Kentucky: If the Wildcats struggle this fall, will Mark Stoops continue his torrid recruiting pace as he tries to rebuild UK? We think so, because Stoops has been a recruiting ace everywhere he's gone and continues to get UK into conversations and circles among prospects that previously would never have considered Lexington.
OK, here we are, after a weekend in which Michael Sam's sack made some guy on Twitter famous because he declared bankruptcy for pledging to buy the world a drink if Sam sacked Manziel and did the money finger salute. (Side bar: This will lead to a run on off-the-wall promises on social media that will never be fulfilled until the fad becomes tired — which is now so let's skip that middle step. Deal? Deal.)
Here are a couple of other NFL items of which we can't explain:
First, the concussion issue continues to be a mired and murky quagmire in which the NFL can't seem to find footing.
Wes Welker was concussed — again, a great verb — over the weekend, and it is reportedly his third brain injury in the last year or so. Now that the black shroud of league indifference has been at least somewhat lifted publicly — you can debate whether the league wants to end concussions or end its legal responsibility for those with concussions and we'd lean toward the latter — the ball is in Welker's court. And if Welker decides to play and gets another concussion and, in a worst case scenario, is in need of serious and long-term care before he's 50, is the league responsible for that now that we all are aware of the dangers of concussions?
If Welker decides to play, then that becomes his personal decision, right, and the league, while committed to honoring its long-term care for all players, would be somewhat absolved? And if that's the case, the Roger "Rope-a-Dope" Goodell's shadow-boxing campaign against concussions has worked magic for the league's long-term bottom line.
Secondly, Matt Prater, the Denver kicker who has issues with drugs and alcohol, recently violated the league's substance abuse policy by having a few beers at home.
OK, we get that.
Dude is in the program and needs to honor the program. So he now faces a four-game suspension for having beers in his den. Yes, it's negotiated into the bargaining agreement and that's fine.
Then let's get violence against women in the CBA, too, because hiding behind a work-place piece of paper about a star football player whose name sounds like Tay Tice is flawed, hollow and wrong.
And yes, the video makes a world of difference because we for far too long have ignored this problem, but let's decide to stop the indifference here.
A few beers = four games. Hitting a woman = two games. And to go even a step further, Brandon Merriweather, the Redskins safety, has been suspended two games for a helmet-to-helmet hit on another NFL football player.
Some how the suspended math of the NFL's discipline leads to suspended belief when comparing the penalties and the punishments.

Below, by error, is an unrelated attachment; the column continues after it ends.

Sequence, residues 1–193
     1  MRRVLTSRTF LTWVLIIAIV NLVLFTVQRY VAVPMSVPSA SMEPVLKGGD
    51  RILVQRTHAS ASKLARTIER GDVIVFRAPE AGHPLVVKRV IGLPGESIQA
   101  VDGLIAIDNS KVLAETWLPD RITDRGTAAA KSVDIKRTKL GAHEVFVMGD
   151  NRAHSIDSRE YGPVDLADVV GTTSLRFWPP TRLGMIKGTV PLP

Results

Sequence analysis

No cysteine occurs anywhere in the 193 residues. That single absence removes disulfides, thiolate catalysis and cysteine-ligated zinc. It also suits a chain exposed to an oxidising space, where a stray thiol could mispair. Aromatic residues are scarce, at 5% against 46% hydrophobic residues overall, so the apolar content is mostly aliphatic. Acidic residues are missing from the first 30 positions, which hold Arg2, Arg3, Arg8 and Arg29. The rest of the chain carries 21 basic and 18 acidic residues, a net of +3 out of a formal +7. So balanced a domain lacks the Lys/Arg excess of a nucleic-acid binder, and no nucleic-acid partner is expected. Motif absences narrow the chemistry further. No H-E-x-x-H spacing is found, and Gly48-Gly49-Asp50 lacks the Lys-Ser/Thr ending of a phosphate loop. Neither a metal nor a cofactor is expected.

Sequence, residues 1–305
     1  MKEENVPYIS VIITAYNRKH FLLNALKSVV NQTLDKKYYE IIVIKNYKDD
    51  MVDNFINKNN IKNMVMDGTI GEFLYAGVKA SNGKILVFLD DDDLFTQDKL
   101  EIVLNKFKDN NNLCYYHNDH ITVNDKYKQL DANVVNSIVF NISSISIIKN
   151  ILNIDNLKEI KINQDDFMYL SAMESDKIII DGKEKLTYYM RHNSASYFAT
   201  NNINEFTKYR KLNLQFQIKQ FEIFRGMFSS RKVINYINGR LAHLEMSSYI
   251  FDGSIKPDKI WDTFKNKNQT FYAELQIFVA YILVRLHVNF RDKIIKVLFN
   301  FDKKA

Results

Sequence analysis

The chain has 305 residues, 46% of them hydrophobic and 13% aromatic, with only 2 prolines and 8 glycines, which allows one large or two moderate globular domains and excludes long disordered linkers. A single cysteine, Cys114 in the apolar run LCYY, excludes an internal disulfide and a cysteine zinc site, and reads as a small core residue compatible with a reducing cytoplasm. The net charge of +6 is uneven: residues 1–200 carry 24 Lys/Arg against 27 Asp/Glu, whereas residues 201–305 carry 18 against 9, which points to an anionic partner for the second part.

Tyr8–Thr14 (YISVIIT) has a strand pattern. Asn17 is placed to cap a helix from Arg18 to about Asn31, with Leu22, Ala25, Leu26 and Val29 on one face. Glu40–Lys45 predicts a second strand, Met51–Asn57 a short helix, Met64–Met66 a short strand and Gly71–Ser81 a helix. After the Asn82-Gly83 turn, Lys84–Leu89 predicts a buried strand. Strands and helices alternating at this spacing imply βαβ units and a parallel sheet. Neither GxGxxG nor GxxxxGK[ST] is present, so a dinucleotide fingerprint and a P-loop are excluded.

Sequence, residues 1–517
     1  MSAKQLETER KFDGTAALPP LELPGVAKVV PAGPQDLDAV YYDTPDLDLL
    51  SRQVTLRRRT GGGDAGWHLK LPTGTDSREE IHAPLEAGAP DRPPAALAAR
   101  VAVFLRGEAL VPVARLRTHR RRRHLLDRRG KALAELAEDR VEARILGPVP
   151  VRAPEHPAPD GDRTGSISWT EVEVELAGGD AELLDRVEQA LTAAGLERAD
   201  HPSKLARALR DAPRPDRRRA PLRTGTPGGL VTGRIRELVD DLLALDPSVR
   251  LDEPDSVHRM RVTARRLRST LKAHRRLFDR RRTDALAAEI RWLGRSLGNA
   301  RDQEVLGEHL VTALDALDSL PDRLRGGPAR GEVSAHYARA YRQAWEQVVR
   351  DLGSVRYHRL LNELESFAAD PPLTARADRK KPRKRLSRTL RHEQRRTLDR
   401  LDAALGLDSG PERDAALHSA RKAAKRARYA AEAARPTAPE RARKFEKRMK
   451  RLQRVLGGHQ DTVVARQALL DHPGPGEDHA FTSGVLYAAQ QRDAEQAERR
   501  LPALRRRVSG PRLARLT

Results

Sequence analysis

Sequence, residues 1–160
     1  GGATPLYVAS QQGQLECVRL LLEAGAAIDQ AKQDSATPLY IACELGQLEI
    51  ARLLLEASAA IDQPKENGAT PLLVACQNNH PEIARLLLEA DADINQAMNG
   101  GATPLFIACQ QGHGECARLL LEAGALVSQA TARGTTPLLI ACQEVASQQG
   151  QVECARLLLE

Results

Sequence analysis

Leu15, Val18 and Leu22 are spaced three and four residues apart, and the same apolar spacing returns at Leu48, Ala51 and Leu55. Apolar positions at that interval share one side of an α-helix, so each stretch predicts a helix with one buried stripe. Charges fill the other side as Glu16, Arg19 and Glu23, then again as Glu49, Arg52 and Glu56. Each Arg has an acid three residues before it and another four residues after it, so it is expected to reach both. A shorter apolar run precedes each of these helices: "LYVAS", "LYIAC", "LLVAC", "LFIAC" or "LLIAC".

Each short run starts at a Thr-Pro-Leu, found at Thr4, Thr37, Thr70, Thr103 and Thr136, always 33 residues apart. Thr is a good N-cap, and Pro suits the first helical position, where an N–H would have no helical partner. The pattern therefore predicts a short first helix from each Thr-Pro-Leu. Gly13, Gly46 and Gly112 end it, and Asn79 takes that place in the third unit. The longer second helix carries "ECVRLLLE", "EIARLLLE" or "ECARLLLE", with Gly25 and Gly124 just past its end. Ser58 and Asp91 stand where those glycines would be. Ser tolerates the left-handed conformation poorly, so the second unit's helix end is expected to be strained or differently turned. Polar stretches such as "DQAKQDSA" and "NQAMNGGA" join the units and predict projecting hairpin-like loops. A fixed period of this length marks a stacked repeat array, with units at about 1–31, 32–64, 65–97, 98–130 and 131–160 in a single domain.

The NFL, it's fantastic. Hey, maybe we should tinker with how long the extra point should be.
Next move for Tiger
Tiger Woods fired Sean Foley as his swing coach.
We get it. Tiger's been moved to the old toys pile. He's Woody to Rory's Buzz.
Now, former coach Butch Harmon says Tiger doesn't need a coach.
OK. We tend to agree.
Tiger needs to get healthy. Completely healthy.
And then go back to the lab, like Rabbit in 8 Mile.
And who really tells Tiger what to do any way?
This and that
— Richie Incognito appears to be cleared to return to the NFL. We feel better about the league already. In truth, Incognito got black balled for half a season because he was mean to a teammate. Ray Rice…., well you know. And yes, this is the baseline for every discipline decision ever until the league takes a stand against violence against women.
— Giancarlo Stanton hit a three-run shot in the Marlins' 7-1 win over the Angels. Dude is still 24 years old and now has 150 career homers — four short of Dan Uggla's team record. He also has 722 strikeouts — 12,004 short of Dan Uggla's career total. (Sorry. Felt like we needed to do that.)
— Side note: Stanton is one of 12 big leaguers to get to 150 homers before turning 25.
With personal fav Breaking Bad walking into the sunset with another Emmy, let's trot out a Rushmore of TV dramas.
Go — and yes, Breaking Bad is definitely on there and may be far left (and the other three spots may be taken by HBO shows).
Jay was named the Sports Editor of the Times Free Press in 2003 and started with the newspaper in May 2002 as the Deputy Sports Editor. He was born and raised in Smyrna, Ga., and graduated from Auburn University before starting his newspaper career in 1997 with the Newnan (Ga.) Times Herald. Stops in Clayton and Henry counties in Georgia and two years as the Sports Editor of the Marietta (Ga.) Daily Journal preceded Jay’s ...